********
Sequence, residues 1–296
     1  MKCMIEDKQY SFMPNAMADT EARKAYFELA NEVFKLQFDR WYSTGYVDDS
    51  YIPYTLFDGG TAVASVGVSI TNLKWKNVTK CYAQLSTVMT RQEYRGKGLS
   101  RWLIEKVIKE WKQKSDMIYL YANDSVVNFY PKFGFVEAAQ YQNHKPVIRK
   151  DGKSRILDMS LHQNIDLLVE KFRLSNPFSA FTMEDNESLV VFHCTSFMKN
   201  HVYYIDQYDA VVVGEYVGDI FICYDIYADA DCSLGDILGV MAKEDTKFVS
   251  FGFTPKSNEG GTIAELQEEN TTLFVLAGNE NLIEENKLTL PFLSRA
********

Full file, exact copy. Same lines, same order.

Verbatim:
Sequence, residues 1–296
     1  MKCMIEDKQY SFMPNAMADT EARKAYFELA NEVFKLQFDR WYSTGYVDDS
    51  YIPYTLFDGG TAVASVGVSI TNLKWKNVTK CYAQLSTVMT RQEYRGKGLS
   101  RWLIEKVIKE WKQKSDMIYL YANDSVVNFY PKFGFVEAAQ YQNHKPVIRK
   151  DGKSRILDMS LHQNIDLLVE KFRLSNPFSA FTMEDNESLV VFHCTSFMKN
   201  HVYYIDQYDA VVVGEYVGDI FICYDIYADA DCSLGDILGV MAKEDTKFVS
   251  FGFTPKSNEG GTIAELQEEN TTLFVLAGNE NLIEENKLTL PFLSRA